I arrived in Beijing a few days early. Next week begins a study tour for 14 members of the faculty at the college where I teach. But first I wanted to explore Beijing on my own.
I ditched my bags at the hotel and headed out, landing myself at a random spot in central Beijing. Before me was the Donghuangchenggen Bieijie, a long narrow park that follows part of the footprint of the now demolished Ming Dynasty city walls. I picked up a piece of curry chicken from a street vendor and started to meander down the path.
During my last trip to China I came to understand that stern looks were often a sign of curiosity, not unfriendliness. So I met any glances with nihao (hello) and a smile. I sat with a few people and tried my pathetic few words of Mandarin. (I learned using Pimsleur – which I now know is designed for business people looking for fun. Lesson three: “Would you like to have a drink?”)
After walking several blocks of crepe myrtle, roses and hosta, I came on a plaza with lots of parents and toddlers. Diapers are not big here and toddlers will often go altogether bottomless or have an opening in the back of their pants for easy delivery. A father was walking with his bottomless son and the boy looked up at me and said, “Ya ya.” This means “uncle” but is meant as a term of endearment for adults who are not, in fact, your uncle. I was honored. I continued on my way stopping here and there to meet people. I was feeling welcome and at home.
Old stone buildings on the next street piqued my interest and I veered off the park into a neighboring hutong. The hutongs are the old Beijing neighborhoods in which siheyuan (courtyard residences) are lined along narrow alleys. Each siheyuan is composed of a small group of individual houses arranged around a central courtyard. There is one door from the courtyard to the public alley. I have heard that these low-rise neighborhoods keep vanishing to high rises, highways and the like.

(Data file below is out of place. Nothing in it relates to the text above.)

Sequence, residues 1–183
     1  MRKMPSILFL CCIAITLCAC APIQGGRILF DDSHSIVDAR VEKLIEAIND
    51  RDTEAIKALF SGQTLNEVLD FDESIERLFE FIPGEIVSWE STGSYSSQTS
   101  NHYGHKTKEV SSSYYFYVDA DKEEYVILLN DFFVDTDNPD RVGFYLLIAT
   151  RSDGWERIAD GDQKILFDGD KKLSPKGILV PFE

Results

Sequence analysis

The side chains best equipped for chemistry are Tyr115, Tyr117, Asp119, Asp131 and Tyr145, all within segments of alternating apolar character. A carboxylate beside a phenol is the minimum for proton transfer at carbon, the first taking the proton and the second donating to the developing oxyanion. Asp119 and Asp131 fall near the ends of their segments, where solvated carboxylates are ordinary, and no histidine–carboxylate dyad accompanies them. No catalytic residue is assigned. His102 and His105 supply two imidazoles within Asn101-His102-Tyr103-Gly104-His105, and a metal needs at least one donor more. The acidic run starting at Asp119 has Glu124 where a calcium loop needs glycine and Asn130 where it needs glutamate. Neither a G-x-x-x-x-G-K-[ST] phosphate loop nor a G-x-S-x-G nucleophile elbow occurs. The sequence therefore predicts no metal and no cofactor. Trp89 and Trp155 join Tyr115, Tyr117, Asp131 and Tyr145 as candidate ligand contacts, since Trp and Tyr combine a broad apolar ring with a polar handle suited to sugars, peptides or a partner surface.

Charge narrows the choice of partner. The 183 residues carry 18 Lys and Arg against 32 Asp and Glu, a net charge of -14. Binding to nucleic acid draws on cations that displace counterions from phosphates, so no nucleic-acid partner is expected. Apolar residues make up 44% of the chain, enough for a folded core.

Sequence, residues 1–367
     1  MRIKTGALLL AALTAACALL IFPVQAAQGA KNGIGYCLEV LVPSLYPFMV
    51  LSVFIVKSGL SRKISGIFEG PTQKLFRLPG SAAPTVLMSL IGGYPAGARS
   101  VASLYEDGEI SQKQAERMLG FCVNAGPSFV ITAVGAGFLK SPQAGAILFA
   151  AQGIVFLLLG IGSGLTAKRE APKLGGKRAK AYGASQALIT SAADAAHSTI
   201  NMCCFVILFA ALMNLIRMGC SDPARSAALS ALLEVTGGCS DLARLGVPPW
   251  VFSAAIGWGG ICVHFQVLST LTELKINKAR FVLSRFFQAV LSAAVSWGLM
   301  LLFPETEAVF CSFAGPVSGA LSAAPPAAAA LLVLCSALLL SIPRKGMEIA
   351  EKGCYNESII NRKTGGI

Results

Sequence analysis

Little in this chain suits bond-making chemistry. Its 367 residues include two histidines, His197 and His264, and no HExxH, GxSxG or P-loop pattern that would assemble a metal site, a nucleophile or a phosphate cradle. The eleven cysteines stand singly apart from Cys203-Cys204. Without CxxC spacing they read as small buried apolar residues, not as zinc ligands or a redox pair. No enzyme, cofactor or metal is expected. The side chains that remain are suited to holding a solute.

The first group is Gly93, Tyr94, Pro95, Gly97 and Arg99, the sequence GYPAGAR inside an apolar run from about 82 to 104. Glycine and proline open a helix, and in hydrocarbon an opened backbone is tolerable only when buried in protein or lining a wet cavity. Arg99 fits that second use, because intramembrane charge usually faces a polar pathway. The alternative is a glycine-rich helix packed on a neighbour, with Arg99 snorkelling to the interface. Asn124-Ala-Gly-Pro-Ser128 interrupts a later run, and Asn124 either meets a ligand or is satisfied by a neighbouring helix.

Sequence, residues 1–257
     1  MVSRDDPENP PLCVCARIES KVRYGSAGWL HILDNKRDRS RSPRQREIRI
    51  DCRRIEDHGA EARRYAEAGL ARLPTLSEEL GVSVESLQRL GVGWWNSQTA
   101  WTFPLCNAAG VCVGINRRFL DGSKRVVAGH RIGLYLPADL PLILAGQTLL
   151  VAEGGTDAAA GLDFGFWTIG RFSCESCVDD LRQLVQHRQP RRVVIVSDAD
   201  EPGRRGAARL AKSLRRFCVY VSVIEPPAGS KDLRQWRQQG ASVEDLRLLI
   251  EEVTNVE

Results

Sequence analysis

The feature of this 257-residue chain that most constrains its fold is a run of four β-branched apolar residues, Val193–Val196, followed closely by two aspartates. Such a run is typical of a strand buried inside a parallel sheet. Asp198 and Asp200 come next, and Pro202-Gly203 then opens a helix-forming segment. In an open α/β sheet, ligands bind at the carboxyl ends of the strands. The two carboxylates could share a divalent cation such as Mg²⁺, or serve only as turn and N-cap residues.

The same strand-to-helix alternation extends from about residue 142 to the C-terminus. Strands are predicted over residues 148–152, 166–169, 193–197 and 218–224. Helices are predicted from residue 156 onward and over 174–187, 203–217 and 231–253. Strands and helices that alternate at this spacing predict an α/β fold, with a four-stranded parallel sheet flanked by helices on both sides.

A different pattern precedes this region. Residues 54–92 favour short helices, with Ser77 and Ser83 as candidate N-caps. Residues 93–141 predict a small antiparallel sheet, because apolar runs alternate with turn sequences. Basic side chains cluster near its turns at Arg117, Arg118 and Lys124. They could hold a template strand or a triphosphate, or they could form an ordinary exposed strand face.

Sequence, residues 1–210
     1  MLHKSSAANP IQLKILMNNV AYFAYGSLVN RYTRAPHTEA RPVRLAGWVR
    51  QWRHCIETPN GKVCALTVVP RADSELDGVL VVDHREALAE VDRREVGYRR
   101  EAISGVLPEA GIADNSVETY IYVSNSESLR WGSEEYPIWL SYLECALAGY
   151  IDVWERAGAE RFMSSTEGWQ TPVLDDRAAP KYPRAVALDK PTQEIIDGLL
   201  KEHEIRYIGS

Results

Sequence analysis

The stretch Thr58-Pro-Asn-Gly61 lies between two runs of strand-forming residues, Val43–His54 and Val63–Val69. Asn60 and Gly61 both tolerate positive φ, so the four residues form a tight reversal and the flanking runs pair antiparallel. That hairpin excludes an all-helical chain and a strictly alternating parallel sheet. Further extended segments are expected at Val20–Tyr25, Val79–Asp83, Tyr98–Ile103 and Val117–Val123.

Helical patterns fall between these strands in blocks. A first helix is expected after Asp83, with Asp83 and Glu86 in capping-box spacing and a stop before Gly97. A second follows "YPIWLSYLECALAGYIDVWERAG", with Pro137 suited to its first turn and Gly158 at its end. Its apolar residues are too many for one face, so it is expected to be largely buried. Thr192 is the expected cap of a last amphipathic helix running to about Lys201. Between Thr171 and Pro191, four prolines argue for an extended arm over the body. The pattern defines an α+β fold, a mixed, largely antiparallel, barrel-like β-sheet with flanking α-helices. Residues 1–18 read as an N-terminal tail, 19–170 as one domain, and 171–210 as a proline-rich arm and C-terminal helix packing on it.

In the hutong, as in many neighborhoods in China, life is lived on the streets. Dinner, dance practice, games of mahjong – all is often right in the open. That accessibility to peoples’ lives is one of the things I love about China.
It was getting dark and I was getting hungry. I had a Sichuan dinner in a small restaurant and enjoyed a phrase book conversation with the owner, who insisted we take pictures together. Then I found myself at a corner of the Forbidden City.
Several fishermen were pointing lasers in the water, I presume as lures. It seems in Beijing it is acceptable for men, of any age or girth, to roll up their shirt to expose their mid-rifts. Each fishermen proudly displayed his belly as did the rollerblading stunt dude in the plaza behind me. I walked along the big red wall of the Forbidden City and noticed a young guy staring intently at me. I went over and said hello. We struggled in a mix of English and Mandarin.
“Where you come from?”
“Wǒ shì měiguórén” (I’m American.)
“I went Los Angeles. Nice time.”
We stopped in front of the southern gate to the Forbidden City and he insisted on taking my picture. We kept walking together, smiling and joking. Then I thought, ah Pimsleur!
“Would you like to get a drink?”
No cabs about, but Felix (he wouldn’t tell me his Chinese name) grabbed a motorcycle taxi. This is cool, I thought. The driver was slim and wore a shirt which said in ridiculous English: “Think Left Heart. It is the most com.” He donned shiny leather shoes which he displayed by sitting side-saddle, his legs elegantly crossed near the open door.
Felix and I sat and had a drink. Then he touched my wedding band. “You married?”
He suddenly looked horribly dejected. I showed him a picture of my husband, who is Chinese, thinking this fact would somehow cheer him up. “Oh.” He looked away. Time to go, I thought. I said my goodnight, gave him a hug and headed to a nearby subway stop.
I was exhausted. Jet lag knocked me to my hotel bed and I slept soundly until 4:45 the next morning. Ah, jet lag.
The next day I would meet two of my students from school. We had conspired to make a short film asking people on the street about death.
More on that soon.